Swirling Abstractions

What happens when a scene of everyday life gets shown through a distorting prism?

This was the question that inspired “Abstractions,” a new joint exhibition by artist Chhim Sothy and photographer Arjay Stevens. The artists hoped to embark on an exploration of the nature of visual reality, and to encourage viewers to look at the physical world without preconceived ideas about colors or shapes.

Chhim Sothy’s painting entitled 'Round Dance.' (Siv Channa)
Chhim Sothy’s painting entitled ‘Round Dance.’ (Siv Channa)

Mr. Sothy, a painter from Cambodia’s first generation of peacetime artists who emerged in the late 1990s, contributed to the exhibition images of dancers, both classical and contemporary, whose progress across the stage he translated into strokes of color on canvas.

In his work “Renaissance,” which refers to the process of rebuilding what was lost during Cambodia’s decades of war and conflicts, abstract forms of dancers in gold, red and blue swirl on the canvas, their joyous energy virtually palpable. In “Dance and Nature,” twirling silhouettes appear on a backdrop of red, blue and green.

Mr. Sothy, who started his career as a painter of Cambodian traditional scenes and dancers, has been experimenting with abstract techniques for several years. In addition to working steadily in his studio, he serves as deputy director of the Department of Fine Arts and Handicraft at the Ministry of Culture.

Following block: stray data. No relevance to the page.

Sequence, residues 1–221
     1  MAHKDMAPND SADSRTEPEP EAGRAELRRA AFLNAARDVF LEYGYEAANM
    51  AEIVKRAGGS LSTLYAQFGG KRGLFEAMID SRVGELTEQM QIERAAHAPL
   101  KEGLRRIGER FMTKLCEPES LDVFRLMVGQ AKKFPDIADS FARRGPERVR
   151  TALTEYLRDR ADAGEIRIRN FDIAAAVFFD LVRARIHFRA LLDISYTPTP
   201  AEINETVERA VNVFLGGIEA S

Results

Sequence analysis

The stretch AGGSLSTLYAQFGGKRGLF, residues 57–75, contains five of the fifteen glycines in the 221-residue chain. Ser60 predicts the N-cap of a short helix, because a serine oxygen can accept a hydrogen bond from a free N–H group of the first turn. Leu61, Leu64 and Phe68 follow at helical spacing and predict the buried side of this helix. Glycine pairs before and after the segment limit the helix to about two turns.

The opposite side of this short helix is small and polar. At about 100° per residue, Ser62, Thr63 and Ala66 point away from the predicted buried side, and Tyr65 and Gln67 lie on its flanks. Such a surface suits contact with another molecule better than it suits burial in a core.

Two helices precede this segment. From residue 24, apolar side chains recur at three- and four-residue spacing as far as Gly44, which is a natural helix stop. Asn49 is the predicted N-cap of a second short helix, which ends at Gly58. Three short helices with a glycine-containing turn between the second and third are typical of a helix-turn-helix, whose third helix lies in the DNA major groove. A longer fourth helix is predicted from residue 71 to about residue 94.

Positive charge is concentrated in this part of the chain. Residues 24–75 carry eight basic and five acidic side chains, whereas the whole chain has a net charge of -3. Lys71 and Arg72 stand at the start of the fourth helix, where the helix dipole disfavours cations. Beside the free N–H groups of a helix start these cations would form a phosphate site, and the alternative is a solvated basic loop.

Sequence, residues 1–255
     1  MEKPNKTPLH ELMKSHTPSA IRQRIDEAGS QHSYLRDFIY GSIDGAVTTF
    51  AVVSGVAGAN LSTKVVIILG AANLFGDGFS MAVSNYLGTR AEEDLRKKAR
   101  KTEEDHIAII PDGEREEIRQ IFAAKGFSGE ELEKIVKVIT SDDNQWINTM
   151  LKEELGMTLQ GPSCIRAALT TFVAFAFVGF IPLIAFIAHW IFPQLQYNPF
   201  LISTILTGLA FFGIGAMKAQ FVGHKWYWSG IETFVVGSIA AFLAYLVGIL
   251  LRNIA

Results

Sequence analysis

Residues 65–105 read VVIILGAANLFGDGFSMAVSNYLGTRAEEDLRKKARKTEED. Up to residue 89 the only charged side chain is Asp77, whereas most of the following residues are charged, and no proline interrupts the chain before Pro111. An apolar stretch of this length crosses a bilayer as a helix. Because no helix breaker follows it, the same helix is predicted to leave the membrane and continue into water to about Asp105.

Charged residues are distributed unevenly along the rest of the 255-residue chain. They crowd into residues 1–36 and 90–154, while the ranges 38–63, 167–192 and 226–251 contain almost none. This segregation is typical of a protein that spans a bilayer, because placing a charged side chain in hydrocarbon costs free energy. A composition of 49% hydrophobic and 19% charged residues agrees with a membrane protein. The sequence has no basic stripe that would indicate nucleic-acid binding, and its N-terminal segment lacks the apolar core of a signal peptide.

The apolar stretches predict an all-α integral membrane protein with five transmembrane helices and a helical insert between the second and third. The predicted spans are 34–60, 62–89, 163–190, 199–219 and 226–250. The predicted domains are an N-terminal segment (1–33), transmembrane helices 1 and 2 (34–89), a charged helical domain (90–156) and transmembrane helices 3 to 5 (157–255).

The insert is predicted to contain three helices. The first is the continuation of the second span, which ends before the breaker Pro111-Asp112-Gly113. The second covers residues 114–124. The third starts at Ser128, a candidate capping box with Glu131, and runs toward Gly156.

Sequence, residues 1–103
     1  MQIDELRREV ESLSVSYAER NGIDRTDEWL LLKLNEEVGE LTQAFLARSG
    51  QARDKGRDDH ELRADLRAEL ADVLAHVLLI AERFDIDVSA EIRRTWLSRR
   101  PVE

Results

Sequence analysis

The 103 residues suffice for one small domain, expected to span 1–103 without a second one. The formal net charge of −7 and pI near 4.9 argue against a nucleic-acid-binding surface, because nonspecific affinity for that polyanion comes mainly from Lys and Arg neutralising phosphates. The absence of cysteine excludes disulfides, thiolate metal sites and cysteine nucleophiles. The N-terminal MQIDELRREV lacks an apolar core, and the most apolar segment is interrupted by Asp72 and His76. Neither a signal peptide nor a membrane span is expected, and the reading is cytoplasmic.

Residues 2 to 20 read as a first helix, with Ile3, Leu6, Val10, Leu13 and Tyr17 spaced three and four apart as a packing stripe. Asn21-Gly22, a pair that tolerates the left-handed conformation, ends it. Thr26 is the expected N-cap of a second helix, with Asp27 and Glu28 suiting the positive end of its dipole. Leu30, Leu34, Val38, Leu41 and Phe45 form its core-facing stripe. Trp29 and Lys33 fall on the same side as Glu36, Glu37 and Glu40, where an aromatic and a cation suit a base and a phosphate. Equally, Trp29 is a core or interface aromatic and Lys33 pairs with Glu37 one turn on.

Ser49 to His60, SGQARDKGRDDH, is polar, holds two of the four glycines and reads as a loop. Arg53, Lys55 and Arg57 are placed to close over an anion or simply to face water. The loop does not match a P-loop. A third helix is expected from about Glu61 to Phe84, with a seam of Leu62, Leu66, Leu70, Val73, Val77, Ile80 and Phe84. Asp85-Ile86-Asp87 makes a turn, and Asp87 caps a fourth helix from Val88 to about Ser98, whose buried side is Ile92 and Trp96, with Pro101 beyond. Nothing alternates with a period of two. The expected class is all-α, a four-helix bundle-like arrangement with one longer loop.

A biologist and medical researcher from Germany, Mr. Stevens has taken more than a million photos in Cambodia since his first visit to the country in 1996.

His photos in the exhibition are manipulated through perspective distortion techniques such as extreme close-up and not through digital illustration, he said.

This exercise in abstraction, Mr. Stevens said, “is a self-critical period…challenging one’s critical process not just on the technical side but also by revisiting the essential.”

The result is images of objects made indiscernible, beautiful and powerful lines and colors, a flourish of blue lines and pale gold fluid shapes.

“From general to substance: This, in my opinion, is abstraction,” Mr. Stevens said.

The exhibition, showing now at New Art Gallery, #20 Street 19, runs through April.

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